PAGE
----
How the Non-Bank Lending Process Works in New Zealand
In New Zealand any institution can offer banking processes like investment services, money transfer services and even loan and credit facilities for borrowers and investors. However, it may only use the word “bank” in its name when it is registered with the Reserve Bank of New Zealand. As a result there are around 400 companies in the country which offer a wide range of financial services to customers. These institutions are called non-bank financial institutions.
Non-bank financial institutions in New Zealand have strongly expanded over the past few years and they account for more than half of the consumer credit in the country. These institutions account for around 10 percent of domestically sourced credit provisions, over 15 percent of total commercial property lending and a significant share of development lending. The most popular non-bank financing loans in New Zealand are often used for vehicle purchases.
Although the interest rates and rules for borrowing money from non-bank financial institutions vary from company to company, certain patterns are followed. The interest rates for car loans are generally higher than home loans no matter which part of the country you are in. Regardless of the interest rates, if you are able to sanction a loan of a shorter loan term, you will end up paying lesser total interest than you would have otherwise. If you are in Kapiti and need car finance there are many non-bank providers for those with a bad credit rating.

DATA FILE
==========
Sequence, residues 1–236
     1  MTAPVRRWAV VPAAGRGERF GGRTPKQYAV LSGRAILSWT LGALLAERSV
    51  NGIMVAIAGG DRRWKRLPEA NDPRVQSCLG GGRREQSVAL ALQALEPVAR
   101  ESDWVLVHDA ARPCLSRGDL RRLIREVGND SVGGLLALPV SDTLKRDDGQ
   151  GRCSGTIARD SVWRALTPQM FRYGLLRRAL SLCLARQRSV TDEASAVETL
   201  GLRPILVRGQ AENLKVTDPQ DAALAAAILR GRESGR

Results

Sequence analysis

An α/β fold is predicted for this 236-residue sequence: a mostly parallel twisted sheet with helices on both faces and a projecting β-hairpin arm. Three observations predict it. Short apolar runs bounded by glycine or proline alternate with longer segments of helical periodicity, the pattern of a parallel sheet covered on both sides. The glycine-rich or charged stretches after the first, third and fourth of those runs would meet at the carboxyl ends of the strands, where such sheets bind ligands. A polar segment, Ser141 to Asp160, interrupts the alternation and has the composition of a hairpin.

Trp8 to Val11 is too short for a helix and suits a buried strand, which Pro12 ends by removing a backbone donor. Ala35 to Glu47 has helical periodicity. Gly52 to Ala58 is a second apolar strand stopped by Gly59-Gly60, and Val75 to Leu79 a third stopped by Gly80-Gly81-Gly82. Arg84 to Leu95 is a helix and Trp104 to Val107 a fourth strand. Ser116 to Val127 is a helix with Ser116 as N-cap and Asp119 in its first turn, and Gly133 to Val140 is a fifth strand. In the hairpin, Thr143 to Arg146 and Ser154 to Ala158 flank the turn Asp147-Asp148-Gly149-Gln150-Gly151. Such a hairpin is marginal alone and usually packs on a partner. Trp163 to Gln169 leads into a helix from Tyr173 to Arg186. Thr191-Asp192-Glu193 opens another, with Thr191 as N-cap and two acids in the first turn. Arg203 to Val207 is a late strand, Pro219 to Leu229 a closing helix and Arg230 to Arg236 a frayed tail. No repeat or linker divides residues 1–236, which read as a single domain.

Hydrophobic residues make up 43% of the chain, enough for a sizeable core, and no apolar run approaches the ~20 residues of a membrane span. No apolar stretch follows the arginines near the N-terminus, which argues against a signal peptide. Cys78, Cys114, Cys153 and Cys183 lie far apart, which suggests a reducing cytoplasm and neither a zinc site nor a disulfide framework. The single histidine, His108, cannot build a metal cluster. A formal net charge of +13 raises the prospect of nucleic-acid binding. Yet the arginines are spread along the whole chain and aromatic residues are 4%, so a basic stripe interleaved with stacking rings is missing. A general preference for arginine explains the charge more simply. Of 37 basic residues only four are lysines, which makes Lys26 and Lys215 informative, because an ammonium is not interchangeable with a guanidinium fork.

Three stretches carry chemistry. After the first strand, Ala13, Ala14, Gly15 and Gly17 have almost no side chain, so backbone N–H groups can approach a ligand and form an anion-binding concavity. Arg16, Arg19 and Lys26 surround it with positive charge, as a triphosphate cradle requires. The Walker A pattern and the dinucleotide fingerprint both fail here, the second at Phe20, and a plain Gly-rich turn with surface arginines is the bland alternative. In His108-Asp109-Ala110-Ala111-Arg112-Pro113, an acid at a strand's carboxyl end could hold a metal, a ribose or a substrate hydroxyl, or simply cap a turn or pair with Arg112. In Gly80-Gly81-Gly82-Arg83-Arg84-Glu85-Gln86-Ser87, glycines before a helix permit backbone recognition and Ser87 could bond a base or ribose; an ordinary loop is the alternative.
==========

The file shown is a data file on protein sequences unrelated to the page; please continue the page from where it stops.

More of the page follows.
Certain non-bank financial institutions, which offer vehicle finance in Kapiti will consider your credit history to decide the rate of interest and the amount they can sanction. However, they do offer to lend money to people who do not have a good credit rating. Having a steady source of income can be a major contributing factor when you are looking to borrow money from non-bank sources.
Although non-bank financial institutions do not come under the regulations of the Reserve Bank of New Zealand, they do have to follow certain financial laws, such as the Anti-Money Laundering and Countering Financing of Terrorism Act of 2009. These laws are in place to make New Zealand a safer place to do business in and there would be more security measures that customers may face when approaching non-bank financial institutions.
The process that you would need to go through when approaching a non-bank financial institution for a car loan is similar throughout most companies. The checklist given below is what would be needed by most non-bank financial institutions when you approach them for a car loan:
> You would require a proof of identification (like a passport),
> A driver's license
> Verification of address like utility bills, insurance documents
> A budget of your regular incomes and expenditures
> Your payslip
> Bank statements
You will need to carry original copies of the documents mentioned above. If you are not able to furnish original copies, you will need to have the photocopies verified by authorised people such as the Justice of the Peace, a notary public, lawyer or a chartered accountant and even have a certificate of identification. Ensure that none of the people who verify your documents are related to you in any way, so that the financial institution can be assured of a fair procedure. Once you discuss your borrowing requirements and finalise the details, you would have to have your purchase approved by the company and sign a loan agreement.
Oxford Finance provides car loans to customers throughout the Wellington and Kapiti regions. They are a well-established non-bank lender who can help you manage your bad credit rating and get on the road!
Visit the Oxford Finance website on www.oxfordfinance.co.nz
to find out how the experienced car financing team at Oxford Finance can help you.
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